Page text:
Something I didn't mention in this post that is very important is the fact that Frank Myers AutoMaxx is loved by their customers and has a strong local following. Having said that, both of these things are important when tragedy strikes.

I've seen where many of Tracy Myers' customers have come out and defended him. To me, that's even more powerful than the video!

Comment by Chip King on March 18, 2012 at 7:01am

To me the lack of "rehearsed and professional preparation" is what makes this as good as it is. It is heartfelt and clearly real. The 11 minutes passed quickly for me. And there is the fact that a national news show picked up on it..............

Comment by Reyn Mansson on March 18, 2012 at 6:51am

I'm a bit of a specialist in reputation management, I spent 4 years in an ad agency with many political and public agency clients where this sort of situation presents itself far more often than it will in vehicle sales. This is an excellent reactive response to the FTC media release and the local TV station's biased coverage. I sent links for the FTC press release to several motorcycle dealer GMs I know that have made similar statements in ads. Few dealer principals would have gotten this together in about 24 hours. Small criticisms; it is a bit rambling and overly long at 11+minutes, self-directed commentary tends to run that way, a run through with a PR person could have tightened it up quite a bit. If Tracy were a client, I would have counseled not to threaten the TV station's ad buys publicly on a video, that's a negative and can be seen as unfair suppression of a free and independent news department. That sort of position creates an adversarial relationship that not going to be productive. I would have looked to a competing station to come cover the MYERS side of the story for their news. I am not above proposing a quid pro quo opportunity to a station's ad sales staff to get the news departments attention but not in the public realm.

The proactive positive media opportunity was lost however. The proper time to have taken this issue to the public would have been when the initial settlement was reached. You could have spun the dealership as cutting edge consumer friendly and helping the FTC achieve better consumer communications standards.  A YouTube video about why the 5 clips were deleted and a story pitch to the consumer editors in the local media outlets, both print and broadcast, about AUTO MAXX's consumer-positive revision of their sales message to better serve the consumer and set a higher standard for auto sales would have given AUTO MAXX the high ground.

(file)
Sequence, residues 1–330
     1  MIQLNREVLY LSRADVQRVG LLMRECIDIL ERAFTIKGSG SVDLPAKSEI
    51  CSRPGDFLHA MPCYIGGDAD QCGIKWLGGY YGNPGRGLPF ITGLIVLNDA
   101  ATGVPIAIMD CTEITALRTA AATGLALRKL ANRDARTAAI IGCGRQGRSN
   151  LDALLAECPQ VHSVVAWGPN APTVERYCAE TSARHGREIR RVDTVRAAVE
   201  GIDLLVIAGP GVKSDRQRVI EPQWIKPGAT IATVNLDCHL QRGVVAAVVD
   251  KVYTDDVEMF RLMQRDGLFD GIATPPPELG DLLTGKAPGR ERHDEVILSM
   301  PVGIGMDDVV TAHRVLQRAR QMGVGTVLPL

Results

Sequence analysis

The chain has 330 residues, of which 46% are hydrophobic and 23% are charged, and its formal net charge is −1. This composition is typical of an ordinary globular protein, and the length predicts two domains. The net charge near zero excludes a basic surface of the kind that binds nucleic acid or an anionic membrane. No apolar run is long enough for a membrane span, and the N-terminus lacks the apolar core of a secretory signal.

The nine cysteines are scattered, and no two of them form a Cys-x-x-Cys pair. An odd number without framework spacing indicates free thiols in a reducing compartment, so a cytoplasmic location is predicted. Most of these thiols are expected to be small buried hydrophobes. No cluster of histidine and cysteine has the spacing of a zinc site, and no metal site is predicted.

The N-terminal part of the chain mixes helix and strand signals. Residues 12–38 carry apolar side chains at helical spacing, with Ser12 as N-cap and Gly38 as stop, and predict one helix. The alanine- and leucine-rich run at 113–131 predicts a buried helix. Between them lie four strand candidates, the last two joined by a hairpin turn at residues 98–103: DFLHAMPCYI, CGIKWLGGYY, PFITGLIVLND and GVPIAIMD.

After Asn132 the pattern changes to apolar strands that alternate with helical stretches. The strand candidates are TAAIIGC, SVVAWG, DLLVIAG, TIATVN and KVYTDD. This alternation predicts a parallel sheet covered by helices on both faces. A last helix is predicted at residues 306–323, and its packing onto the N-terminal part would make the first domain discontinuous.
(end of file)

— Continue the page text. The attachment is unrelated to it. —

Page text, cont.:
This is why consulting with MEDIA professionals is a wise investment. You don't represent yourself in legal court proceedings do you? You shouldn't go unrepresented to the court of public opinion either.

Comment by Tom 1TeamSynergy Wiegand on March 18, 2012 at 5:26am

People, organizations and government see rights and wrongs mostly from their world-view of What's In It For Me, and/or their entitlement causes.   Even rights are painted as wrongs in a world-view of bashing whatever, whomever, however and whenever one chooses.  Tracy chooses the higher road.  Yea Tracy!  Tracy sees the What's In It For Them Godly view of loving neighbor as ourselves.  Tracy is grounded in the Word.  This is what is truly clear and obvious.  Spread this Godly example for what it is, putting everyone else before oneself or self interest. 

Comment by Tom Gorham on March 17, 2012 at 7:06pm

This is the ultimate way to deal with bad reviews.  This is transparency. Although this is not a bad review as most of think of it, this is truly the ULTIMATE.  You show what you do when faced with adversity, with problems, with criticism. Kudos to Tracy!

Comment by David Johnson on March 17, 2012 at 6:02pm

I second that Ralph!

Comment by Ralph Paglia on March 17, 2012 at 5:48pm

David is right... Especially listening to the video from Tracy.  he really handled the whole matter well and I am sure he is going to come out of this with more positive than negative.  Most dealers would see their businesses decimated by a federal FTC probe.  I am rooting for Tracy to increase his business!

Comment by David Johnson on March 17, 2012 at 4:52pm

Wow, there are some great conversations surrounding this post, I wish that every dealer in America could learn about what happened here so that they could learn how to better handle situations such as these. There will be more crack downs, this wasn't the first nor will it be the last. Well done Tracy!

For those of you reading this, share it with as many of your dealer friends as possible. There is a lesson to be learned here, a BIG lesson.